Cherokee NJROTC Cadets Score Victories in Duck Island Individual Orienteering Competition | Rogersville

KINGSPORT — Cherokee High School’s NJROTC won the top medals for the boys’ and girls’ individual competition on Saturday as the NJROTC Volunteer High School held its 10th annual Duck Island Orienteering Meet at Warriors Path State Park.

The Duck Island meet is open to JROTC cadets who have never participated in orienteering before. More than 100 cadets from all over East Tennessee and North Carolina participated in the event.

JROTC units participating in the competition included Volunteer, Cherokee, Tennessee High School, Daniel Boone High School, David Crockett High School, Science Hill High School, Oak Ridge High School, and McDowell High School in Marion, NC.

Cherokee cadet Carter Rhine was the winner in the men’s individual competition category, ahead of Gabriel Cross of Daniel Boone, and Atlas Batten, Daniel Boone

Cherokee’s Melody Wichelns won the women’s individual competition ahead of Daniel Boone’s Nanchaya Bailey and Daniel Boone’s Laure Cox.

Daniel Boone’s boys took the tag team victory ahead of Cherokee in second and Science Hill in third.

Daniel Boone’s daughters took the tag team victory ahead of Oak Ridge in second and Cherokee in third.

Orienteering is a sport that can be practiced by anyone, regardless of age, physical condition or skill level. The sport began in Scandinavia in the 1800s and had found its place as a competitive sport in the United States by 1946.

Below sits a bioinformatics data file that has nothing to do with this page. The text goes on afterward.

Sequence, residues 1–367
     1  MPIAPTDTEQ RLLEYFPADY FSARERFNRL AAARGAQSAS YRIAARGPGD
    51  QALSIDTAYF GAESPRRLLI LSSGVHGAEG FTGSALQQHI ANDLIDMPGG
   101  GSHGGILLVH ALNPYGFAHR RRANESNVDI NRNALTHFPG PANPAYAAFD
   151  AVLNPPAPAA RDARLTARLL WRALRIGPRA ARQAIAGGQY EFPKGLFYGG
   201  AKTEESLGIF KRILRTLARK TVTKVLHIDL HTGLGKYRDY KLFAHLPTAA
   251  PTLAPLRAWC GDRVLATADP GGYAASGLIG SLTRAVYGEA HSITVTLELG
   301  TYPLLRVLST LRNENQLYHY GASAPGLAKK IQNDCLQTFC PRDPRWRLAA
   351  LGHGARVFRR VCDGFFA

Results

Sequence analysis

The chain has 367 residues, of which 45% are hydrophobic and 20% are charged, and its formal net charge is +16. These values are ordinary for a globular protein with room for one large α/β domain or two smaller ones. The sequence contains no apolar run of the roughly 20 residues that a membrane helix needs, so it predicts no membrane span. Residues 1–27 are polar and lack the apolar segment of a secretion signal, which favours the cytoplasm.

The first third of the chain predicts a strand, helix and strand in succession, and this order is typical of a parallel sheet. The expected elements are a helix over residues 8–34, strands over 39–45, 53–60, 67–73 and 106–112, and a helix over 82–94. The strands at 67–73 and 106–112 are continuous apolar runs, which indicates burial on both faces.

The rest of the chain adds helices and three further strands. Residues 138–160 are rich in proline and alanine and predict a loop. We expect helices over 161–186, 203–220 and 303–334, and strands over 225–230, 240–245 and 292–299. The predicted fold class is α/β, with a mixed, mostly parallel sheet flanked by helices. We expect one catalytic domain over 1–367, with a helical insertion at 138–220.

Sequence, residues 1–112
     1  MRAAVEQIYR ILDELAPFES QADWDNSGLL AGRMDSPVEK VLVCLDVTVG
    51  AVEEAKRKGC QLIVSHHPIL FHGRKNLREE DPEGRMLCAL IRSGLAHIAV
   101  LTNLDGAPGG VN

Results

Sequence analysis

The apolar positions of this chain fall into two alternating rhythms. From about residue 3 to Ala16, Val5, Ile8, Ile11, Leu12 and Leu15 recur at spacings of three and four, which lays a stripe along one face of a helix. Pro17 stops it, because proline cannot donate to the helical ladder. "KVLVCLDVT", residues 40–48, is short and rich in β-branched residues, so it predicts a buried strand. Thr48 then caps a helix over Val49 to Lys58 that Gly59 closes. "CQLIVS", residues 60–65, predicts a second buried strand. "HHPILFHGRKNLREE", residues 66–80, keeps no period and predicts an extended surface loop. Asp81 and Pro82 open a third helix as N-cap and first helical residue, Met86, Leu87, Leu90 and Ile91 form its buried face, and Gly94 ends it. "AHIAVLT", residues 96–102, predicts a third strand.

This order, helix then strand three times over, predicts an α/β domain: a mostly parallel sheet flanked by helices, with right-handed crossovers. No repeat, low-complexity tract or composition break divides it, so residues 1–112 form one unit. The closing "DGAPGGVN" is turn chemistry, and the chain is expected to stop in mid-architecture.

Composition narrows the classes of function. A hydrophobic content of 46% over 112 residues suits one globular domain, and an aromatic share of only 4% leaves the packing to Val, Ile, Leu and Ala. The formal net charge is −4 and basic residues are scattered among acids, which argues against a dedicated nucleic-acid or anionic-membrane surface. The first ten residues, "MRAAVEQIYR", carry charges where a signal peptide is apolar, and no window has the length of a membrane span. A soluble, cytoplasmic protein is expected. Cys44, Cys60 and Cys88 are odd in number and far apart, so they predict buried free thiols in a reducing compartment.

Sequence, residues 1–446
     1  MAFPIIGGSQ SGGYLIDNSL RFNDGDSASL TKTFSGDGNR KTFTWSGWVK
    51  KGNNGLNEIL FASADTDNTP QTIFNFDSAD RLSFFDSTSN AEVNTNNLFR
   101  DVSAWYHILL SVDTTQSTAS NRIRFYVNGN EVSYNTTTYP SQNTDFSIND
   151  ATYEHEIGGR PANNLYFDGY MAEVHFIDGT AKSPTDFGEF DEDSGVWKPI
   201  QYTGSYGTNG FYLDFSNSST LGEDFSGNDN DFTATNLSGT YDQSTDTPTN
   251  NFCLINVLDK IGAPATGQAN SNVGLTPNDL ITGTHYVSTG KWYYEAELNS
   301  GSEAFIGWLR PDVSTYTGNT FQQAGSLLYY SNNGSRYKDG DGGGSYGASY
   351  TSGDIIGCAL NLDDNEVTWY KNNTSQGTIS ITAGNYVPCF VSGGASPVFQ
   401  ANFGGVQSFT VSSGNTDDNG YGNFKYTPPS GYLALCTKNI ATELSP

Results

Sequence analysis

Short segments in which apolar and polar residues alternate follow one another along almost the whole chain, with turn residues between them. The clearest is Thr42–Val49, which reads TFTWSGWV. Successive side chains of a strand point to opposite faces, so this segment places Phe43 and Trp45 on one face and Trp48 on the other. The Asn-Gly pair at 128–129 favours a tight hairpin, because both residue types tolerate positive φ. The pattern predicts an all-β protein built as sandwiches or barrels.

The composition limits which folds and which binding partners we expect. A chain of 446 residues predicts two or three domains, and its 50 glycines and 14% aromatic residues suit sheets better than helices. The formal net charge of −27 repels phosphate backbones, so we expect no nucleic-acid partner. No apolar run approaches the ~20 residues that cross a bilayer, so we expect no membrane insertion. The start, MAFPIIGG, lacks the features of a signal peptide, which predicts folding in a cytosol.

Participants are helped with both a map and a compass through outdoor terrain of varying difficulty in order to locate each marker listed on the given map.

While orienteering relies on athletic ability, it relies more on the participant’s ability to gauge distance, think under pressure, and correctly analyze the area around them.

A participant may have the best time on the course, but without being able to correctly locate each point, he will lose any orienteering competition indefinitely.

The Duck Island Orienteering Course consists of seventeen markers spread throughout the park; for each incorrectly located point that a participant would mark on his score card, a time penalty of fifteen minutes would be imposed.

In order for each cadet to show that they had correctly located each marker, a punch was placed at each individual marker for the cadet to mark a score card. If a participant scores three or more points incorrectly on the scorecard, they will be disqualified from the competition.

Although orienteering is an individual sport, the top cadets from each school are added together to make up the scores for the men’s and women’s teams. Medals were awarded to each cadet who placed in the top three individual male and female categories. Trophies were awarded to each male and female team that placed 1st and 3rd.

Dino J. Dotson